Dec 15, 2023 - Politics & Policy

Homelessness in the U.S. jumped to record level in 2023, government says

Data: Department of Housing and Urban Development; Note: Excludes 2021 because of COVID-related disruptions to that year's count; Chart: Axios Visuals

U.S. homelessness reached a record high in 2023, according to data the federal government released Friday.

The big picture: Homelessness increased by about 12% nationwide since last year, and it rose across all household types, the Department of Housing and Urban Development said in a new report.

  • About 653,100 people experienced homelessness on a single night in 2023, according to an annual count done in January.
  • This year's result "is the highest number of people reported as experiencing homelessness on a single night since reporting began in 2007," the report says.

By the numbers: Black, African and Indigenous people were overrepresented among the population experiencing homelessness, as has been the case in previous years, the HUD found.

  • Black people made up 13% of the U.S. population in 2023, but they made up 21% of the U.S. population living in poverty, 37% of all people experiencing homelessness and 50% of homeless people in families with children.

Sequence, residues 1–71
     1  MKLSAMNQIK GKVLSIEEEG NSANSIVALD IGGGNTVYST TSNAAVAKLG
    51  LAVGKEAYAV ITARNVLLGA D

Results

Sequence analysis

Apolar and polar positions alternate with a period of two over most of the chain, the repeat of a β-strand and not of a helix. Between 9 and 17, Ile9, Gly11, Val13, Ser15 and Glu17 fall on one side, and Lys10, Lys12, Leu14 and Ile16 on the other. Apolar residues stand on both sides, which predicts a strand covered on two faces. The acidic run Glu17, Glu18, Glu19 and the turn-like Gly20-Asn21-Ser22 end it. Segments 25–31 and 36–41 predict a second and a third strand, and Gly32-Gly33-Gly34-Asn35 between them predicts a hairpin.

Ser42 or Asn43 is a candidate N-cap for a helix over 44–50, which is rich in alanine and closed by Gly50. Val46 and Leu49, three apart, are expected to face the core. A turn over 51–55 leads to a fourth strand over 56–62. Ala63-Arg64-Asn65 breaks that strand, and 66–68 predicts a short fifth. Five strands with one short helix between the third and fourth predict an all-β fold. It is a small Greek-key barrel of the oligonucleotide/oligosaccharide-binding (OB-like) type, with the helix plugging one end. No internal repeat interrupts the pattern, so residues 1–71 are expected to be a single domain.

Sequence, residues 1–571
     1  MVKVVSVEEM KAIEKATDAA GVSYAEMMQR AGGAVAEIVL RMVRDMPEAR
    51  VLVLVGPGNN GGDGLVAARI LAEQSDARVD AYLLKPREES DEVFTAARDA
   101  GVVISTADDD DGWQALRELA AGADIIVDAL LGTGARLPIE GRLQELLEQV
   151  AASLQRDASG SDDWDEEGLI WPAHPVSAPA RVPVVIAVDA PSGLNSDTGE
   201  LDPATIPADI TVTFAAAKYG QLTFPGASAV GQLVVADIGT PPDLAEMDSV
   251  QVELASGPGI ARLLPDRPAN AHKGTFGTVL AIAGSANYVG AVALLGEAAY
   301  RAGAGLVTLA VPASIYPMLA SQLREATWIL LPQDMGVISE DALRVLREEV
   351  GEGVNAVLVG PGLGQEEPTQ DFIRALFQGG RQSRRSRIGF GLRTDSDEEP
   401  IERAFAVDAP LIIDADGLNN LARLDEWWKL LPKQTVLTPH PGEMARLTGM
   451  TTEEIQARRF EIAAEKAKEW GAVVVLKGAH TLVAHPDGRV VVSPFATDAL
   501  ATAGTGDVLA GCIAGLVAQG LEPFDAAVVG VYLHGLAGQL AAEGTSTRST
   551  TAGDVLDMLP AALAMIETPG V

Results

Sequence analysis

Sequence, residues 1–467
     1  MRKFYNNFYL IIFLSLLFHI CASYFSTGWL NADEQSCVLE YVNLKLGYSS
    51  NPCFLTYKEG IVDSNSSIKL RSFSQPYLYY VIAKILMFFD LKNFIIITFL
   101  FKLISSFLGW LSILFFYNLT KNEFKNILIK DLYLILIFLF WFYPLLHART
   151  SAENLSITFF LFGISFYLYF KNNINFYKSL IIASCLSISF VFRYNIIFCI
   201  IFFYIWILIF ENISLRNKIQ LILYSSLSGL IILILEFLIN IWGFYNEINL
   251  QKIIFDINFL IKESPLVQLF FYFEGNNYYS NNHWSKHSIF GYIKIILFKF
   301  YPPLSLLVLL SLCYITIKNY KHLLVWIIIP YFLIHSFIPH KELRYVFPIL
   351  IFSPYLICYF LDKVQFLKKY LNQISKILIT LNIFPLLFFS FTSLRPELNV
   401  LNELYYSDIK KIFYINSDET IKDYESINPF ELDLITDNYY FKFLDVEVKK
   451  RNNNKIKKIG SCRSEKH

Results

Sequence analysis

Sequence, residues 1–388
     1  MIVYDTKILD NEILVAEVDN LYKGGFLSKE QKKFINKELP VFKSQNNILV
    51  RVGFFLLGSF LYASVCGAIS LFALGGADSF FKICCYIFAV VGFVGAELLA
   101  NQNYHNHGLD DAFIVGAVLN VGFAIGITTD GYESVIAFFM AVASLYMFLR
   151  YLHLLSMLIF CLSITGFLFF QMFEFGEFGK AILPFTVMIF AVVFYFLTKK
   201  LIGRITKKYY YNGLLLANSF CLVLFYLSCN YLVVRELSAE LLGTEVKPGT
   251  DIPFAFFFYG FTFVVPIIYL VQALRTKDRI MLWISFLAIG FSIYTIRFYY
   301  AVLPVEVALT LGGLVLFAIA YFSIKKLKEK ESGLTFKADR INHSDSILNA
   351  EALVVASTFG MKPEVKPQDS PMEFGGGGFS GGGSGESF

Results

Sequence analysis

• Asian and Asian American people had the largest percentage increase in homelessness, up 40% from 2022, to a total of 11,574.
  • Hispanic and Latino people saw the largest numerical increase, up 28% from 2022 to 179,336 in 2023.

Zoom in: Families with children saw a 16% increase in homelessness.

  • This group made up about 28% of people experiencing homelessness, or roughly 186,100 people.
  • Unaccompanied youth made up 22% of all people under the age of 25 experiencing homelessness.

Details: More men (61%) than women (38%) experienced homelessness.

  • Men made up about every nine out of 10 homeless veterans.

Zoom out: The HUD measures homelessness based on a single point-in-time count during the last 10 days of January.

  • This year's "counts reflect a considerable lessening of the impact the COVID-19 pandemic on shelter use," the department's report said.
  • Pandemic-era social safety net programs expired throughout the year, such as income protections and eviction moratoria.

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